I remember that the late 1950's HO was becoming to be more reliable, and more kits were being introduced all the time. Varney, and Bowser both made die cast kits, with motors that just sucked! North West Short Line solved that, with better gear boxes and motors. Cal-Scale, Kemtron, Precision Scale and Bowser produced lost wax castings of the various Stesm loco appliances and detail parts. Kemtron even produced a brass Mogul kit! Athearn was king of plastic diesels, and their blue box kits were the staple of most all model railroaders. Champ made lots of decals too. The big improvement in HO was getting away from brass track. By the late 1960's, experimenters were making momentum controllers. Modern improvements in manufacturing made products better. N scale didn't really catch on until the mid 1970's. Kaydee couplers in N scale helped out. The late 60's also saw the ramping up of smaller manufacturers like Westerfields, and C&F making resin kits of lesser known rolling stock. Several plastics companies were making plastic and cast buildings like DPM. Woodland scenics expanded their scenery products, structures, and castings.

My first trains were American Flyer. They were fun in the early to mid 1960's but wasn't as 'scale' as I would have liked. Second try was with Auroras Postage Stamp trains. I also tried my hand at building an articulated engine from a kit! Arbour Models C&O H-8 2-6-6-6. NEVER got it to run well. I finally sold all of it off in the mid 1980's to get into RC airplanes. THEN...I got a job at a local hobby shop (To get a discount) where the HO scale trains got my attention. Ended up buying 8 of the Oriental Ltd "Powerhouse" series N&W Y3 2-8-8-2's. I added more details, repainted, added DCC and ran them on several layouts. When I bought my most recent house, it had a large loft, which became my first layout in years. With changes to my job situation I had no money to continue, so It's being torn down and sold off except for a few pieces of brass.
 
#6
To your list of early manufacturers I would add Varney and Aristocraft. I have a number of their engines and rolling stock and find the detail, while not up to modern standards, quite acceptable.
 

NP2626

Active Member
#7
I saw my first reference to Nickle Silver rail in the beginnings of 1959. Mantua was one of the big players by this time. America's Hobby center (AHC) got it's start in the 50s sometime, the first issue I've come across with two full page ads for AHC was in the December, 1953 issue. If you where a Lionel guy, Madison Hardware of N.Y. N.Y. was a mail order house you might do business with. Ambroid made many HO kits for the model railroader as well as their famous cements for both wood and plastic. In the later part of the 1950s Model Railroader started a series in every issue where the discussed the paint schemes for many diesel locomotives by railroad along with this series they also looked into steam engine equipment. By the late 1950s, Atlas had asserted itself as one of the premier producers of both sectional track and flexible HO Track. In fact other than hand laying, Tru-Scale track, Atlas was maybe the only producer of finished "Snap Track" in curves straight and Turnouts.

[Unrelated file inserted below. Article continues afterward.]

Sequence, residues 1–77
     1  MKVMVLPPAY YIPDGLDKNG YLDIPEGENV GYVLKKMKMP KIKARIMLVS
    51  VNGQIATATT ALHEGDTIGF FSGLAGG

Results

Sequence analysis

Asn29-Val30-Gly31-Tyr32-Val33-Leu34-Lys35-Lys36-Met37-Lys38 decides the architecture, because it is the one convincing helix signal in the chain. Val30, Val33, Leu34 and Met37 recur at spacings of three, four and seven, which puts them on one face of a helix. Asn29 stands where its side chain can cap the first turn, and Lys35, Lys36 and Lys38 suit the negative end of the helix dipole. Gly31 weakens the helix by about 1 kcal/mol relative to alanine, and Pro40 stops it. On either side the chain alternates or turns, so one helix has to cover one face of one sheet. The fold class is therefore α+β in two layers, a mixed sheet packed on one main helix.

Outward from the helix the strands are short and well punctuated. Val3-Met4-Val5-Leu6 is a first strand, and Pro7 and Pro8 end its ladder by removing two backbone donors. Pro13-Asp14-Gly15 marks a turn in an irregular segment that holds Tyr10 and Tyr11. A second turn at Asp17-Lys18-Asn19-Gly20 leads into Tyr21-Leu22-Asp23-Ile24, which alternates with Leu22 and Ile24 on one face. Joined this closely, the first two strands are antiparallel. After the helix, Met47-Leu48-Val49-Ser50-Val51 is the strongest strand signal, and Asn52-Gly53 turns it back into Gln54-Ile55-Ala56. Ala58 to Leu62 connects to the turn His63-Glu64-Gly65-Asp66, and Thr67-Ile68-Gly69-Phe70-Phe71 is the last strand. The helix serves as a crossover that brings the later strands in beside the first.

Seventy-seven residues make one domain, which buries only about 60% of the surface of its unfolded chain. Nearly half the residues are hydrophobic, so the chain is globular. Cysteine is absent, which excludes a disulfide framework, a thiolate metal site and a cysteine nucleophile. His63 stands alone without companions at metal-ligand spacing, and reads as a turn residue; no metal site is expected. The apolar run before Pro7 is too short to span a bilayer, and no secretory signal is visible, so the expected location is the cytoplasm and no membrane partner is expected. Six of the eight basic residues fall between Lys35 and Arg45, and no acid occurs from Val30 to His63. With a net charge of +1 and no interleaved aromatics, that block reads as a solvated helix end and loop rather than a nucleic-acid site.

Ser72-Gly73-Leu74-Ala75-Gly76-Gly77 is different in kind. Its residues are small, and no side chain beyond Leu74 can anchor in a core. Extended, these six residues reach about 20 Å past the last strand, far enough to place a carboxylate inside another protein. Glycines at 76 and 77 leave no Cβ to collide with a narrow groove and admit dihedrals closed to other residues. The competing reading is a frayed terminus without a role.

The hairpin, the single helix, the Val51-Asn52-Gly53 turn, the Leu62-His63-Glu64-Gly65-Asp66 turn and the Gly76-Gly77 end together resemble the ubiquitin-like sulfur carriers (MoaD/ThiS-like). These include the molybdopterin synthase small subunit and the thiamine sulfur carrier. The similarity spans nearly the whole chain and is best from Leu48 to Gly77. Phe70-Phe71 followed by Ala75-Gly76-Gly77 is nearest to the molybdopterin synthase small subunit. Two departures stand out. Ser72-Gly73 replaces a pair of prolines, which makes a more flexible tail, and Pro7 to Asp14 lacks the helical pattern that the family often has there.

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NP2626

Active Member
#8
Mark - I do not subscribe, as I don't have much spare time since I retired. Go figure! I actually still use some LePage products, but normally not on modeling projects.
You are, with your searches, in the midst of an era that includes some articles written by a man I met a couple of times in Dallas, Bill McClanahan. My dad took me to see his "Texas & Rio Grande Western" layout several times, as he knew him well. We first met him together at Hall's Hobby House, run by the late great Bobbye Hall. I was about ten years old at the time (1962). You had to climb a narrow staircase into his attic to see it. It was that layout that got me hooked into HO, although I didn't actually start modeling for 20 years after. He also wrote a book about model railroading scenery in the 50's I think, but I don't remember the title. In real life, he was a sports writer and cartoonist for "The Dallas Morning News".

Willie
Willie, Bill McClanahan's book was entitled Scenery for Model Railroads, I still have a copy. He also did cartoons for Model Railroader that where done in the 1950s.
 
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NP2626

Active Member
#9